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Released at: 08:21, 26/11/2017

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Photo: Viet Tuan

Long-standing Vietnamese cosmetics brand Thorakao needs a stronger, modern brand communications strategy to remain competitive.

by Huyen Thanh

With 60 years in the cosmetics business, Thorakao has become known as a brand that operates under the old ways of doing business. Despite foreign cosmetics brands launching large-scale marketing campaigns, Thorakao has for many years continued to put too much focus on researching production. It has seen varying levels of success and failure in the domestic market over the years but expects to retain its current market share despite the competition becoming tougher. 

The Lan Hao Cosmetics Limited Company, which owns Thorakao, was well-known by Saigonese in the 1960s and was founded by a Vietnamese family who worked in the traditional medicine field for many generations. After succeeding with exports, Lan Hao returned to the domestic market and recorded turnover growth of 20 per cent in 2010 and then 35 per cent in 2016. “The returns are a good sign,” said Mr. Le Quoc Vinh, Chairman and CEO of Le Invest (Holdings) Corp. “However, the company remains unfamiliar with the trend towards modern brand communications. The view of natural incense is no longer suitable in gaining market access, especially for cosmetics brands, which require customer interaction at the highest level.” Similarly, Mr. Bui Minh Tuan, a local marketing expert, said the company hasn’t focused on branding or building emotional attachment among customers. It hasn’t made any branding efforts but has increased its sales in the past.

Lan Hao has defined Thorakao’s products as natural and is trying to lead in creating new products that stand out from others in the market, according to the company’s Deputy Director of Business Development Mai Tan Dung. “Quality is the basic value of Lan Hao, as the company started with a traditional family,” said Mr. Tuan. “Frankly speaking, at this time, the development strategy of Lan Hao based on products being the core is still partly effective in the market and the company also has a strategy of low price. The most important thing is whether consumers are aware of the difference or not. Quality is the most important factor for the manufacturer but it isn’t everything.”

As product quality is relatively homogenous and not especially notable, emotional attachment among customers makes a difference to the competitiveness of a brand, according to Mr. Vinh. “I haven’t seen the difference at Thorakao,” he said “Most current customers are still nostalgic for Thorakao’s glorious past while others are interested in its cheap prices. These are not factors that increase the competitiveness of the brand. The competitiveness other small domestic cosmetics have gained is not in quality based on scientific criteria, but built from feelings about quality through experiencing products.”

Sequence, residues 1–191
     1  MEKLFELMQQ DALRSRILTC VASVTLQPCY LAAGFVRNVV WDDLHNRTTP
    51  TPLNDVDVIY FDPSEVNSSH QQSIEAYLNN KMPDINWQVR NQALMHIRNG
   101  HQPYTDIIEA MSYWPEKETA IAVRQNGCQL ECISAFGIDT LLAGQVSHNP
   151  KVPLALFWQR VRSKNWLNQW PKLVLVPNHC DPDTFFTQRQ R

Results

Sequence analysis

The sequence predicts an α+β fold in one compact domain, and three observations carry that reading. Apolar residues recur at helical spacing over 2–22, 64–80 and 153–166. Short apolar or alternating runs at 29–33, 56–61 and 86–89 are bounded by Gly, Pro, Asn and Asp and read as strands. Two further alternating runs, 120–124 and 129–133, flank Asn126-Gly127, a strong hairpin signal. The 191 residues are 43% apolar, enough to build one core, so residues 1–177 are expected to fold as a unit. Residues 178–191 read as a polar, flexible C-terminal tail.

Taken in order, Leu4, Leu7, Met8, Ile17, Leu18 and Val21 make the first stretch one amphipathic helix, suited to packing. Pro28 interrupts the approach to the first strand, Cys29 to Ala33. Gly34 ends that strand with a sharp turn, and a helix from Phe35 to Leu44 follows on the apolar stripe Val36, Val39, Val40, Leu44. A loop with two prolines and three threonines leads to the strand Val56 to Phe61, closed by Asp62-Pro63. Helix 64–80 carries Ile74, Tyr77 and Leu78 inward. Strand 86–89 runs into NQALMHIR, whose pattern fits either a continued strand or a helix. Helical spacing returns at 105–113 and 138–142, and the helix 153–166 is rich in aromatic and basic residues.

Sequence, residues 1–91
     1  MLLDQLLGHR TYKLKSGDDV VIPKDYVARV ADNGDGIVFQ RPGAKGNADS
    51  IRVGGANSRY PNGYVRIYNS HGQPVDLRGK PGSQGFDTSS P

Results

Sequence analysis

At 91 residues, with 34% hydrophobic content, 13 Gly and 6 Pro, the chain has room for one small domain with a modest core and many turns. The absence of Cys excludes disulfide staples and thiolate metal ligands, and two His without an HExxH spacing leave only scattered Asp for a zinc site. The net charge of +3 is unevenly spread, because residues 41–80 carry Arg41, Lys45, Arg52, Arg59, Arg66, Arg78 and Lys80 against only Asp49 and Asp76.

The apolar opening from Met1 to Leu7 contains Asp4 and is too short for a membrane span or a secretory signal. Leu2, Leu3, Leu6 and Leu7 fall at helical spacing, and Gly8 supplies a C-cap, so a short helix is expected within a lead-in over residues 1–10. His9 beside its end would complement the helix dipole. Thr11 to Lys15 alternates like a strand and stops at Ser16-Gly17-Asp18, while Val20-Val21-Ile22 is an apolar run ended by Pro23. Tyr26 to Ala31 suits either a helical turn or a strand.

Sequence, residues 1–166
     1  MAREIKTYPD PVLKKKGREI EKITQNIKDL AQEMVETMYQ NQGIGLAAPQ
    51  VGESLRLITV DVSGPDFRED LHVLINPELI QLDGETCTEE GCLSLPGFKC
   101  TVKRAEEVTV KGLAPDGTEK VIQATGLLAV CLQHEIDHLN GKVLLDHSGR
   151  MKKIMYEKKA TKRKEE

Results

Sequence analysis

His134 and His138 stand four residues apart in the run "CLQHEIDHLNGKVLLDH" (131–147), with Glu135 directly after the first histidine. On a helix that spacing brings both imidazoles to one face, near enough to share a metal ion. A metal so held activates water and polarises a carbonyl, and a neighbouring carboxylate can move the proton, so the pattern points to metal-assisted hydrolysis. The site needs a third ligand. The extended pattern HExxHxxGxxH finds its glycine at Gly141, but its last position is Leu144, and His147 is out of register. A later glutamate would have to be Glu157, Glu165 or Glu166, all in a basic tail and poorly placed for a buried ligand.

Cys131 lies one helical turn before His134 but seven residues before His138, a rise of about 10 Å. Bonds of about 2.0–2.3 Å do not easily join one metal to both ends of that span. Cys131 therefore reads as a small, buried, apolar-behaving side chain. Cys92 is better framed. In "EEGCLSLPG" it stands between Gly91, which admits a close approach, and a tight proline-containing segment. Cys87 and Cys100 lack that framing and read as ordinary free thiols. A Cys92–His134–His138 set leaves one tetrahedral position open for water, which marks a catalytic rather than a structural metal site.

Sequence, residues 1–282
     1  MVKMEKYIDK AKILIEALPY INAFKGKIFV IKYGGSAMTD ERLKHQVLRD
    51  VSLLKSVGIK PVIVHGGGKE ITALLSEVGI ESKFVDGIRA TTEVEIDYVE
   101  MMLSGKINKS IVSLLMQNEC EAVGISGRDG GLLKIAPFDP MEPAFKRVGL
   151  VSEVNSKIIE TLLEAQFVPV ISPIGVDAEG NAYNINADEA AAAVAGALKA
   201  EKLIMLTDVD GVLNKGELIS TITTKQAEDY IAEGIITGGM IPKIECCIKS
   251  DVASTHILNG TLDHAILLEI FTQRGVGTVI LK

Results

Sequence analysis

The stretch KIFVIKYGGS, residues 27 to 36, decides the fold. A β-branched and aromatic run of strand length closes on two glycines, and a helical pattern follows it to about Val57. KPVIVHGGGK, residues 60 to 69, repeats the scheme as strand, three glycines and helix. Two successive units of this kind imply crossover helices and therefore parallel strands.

Recognizing that a weakness for Thorakao is its packaging, Mr. Dung said that improving this would increase production costs and limit its approach to a number of consumers. But packaging is an important part of the customer experiences, according to Mr. Vinh. “Thorakao should conduct specific market research on its packaging and design and the efficiency of past marketing strategies, and then learn and adopt a revised strategy,” he said. “I would suggest that the aesthetic of the packaging is higher than the normal requirements of the targeted customer segment, as cosmetics are a luxury product, not an essential one.”

Thorakao’s strategy aims at rural customers, an area large foreign cosmetics brands haven’t focused on. Rural areas account for 65 per cent of the total population and 55 per cent of domestic trade turnover. Lan Hao should rapidly extend in the market and apply competitive strategies and tactics in the mid and long terms, Mr. Tuan said, as global giants are also turning strongly towards the rural market. 

The rural market is now being impacted by new trends and brand loyalty is low. With better living conditions and access to information reaching levels seen in urban areas, demand in rural areas will be more advanced. “If Thorakao’s branding remains in the old style, it will be hard for it to hold on to its markets,” Mr. Vinh said. 

With total cosmetics turnover standing at VND26 trillion ($1.1 billion) in 2015 and 20 million women in Vietnam being aged from 16-39 representing major potential, competition in the industry will become tougher and correct strategies in marketing and branding must be adopted. Developing sales networks in key locations, increasing coverage and displays as well as promotional programs for shoppers would help the company, according to Mr. Tuan.

Lan Hao is now also investing in online channels to expand its customer base. According to Mr. Vinh, however, while the channel has developed strongly in urban areas, Thorakao’s targeted customers are in rural areas. The online cosmetics business also relies heavily on brand loyalty. “Brands must build an online community through changing their marketing strategies and creating interaction with consumers,” he said. 

Brand repositioning is an issue Thorakao should seriously consider. Its brand value relates to heritage, which very few Vietnamese brands can rely on, Mr. Tuan said, and its production quality over its 60-year history needs to be incorporated into its brand attributes. 

Lan Hao is currently negotiating with a Japanese partner and expects to make use of technology in materials processing. But, according to Mr. Vinh, it needs a strategic partner rather than a financial investor, to make a breakthrough in terms of brand strategy.

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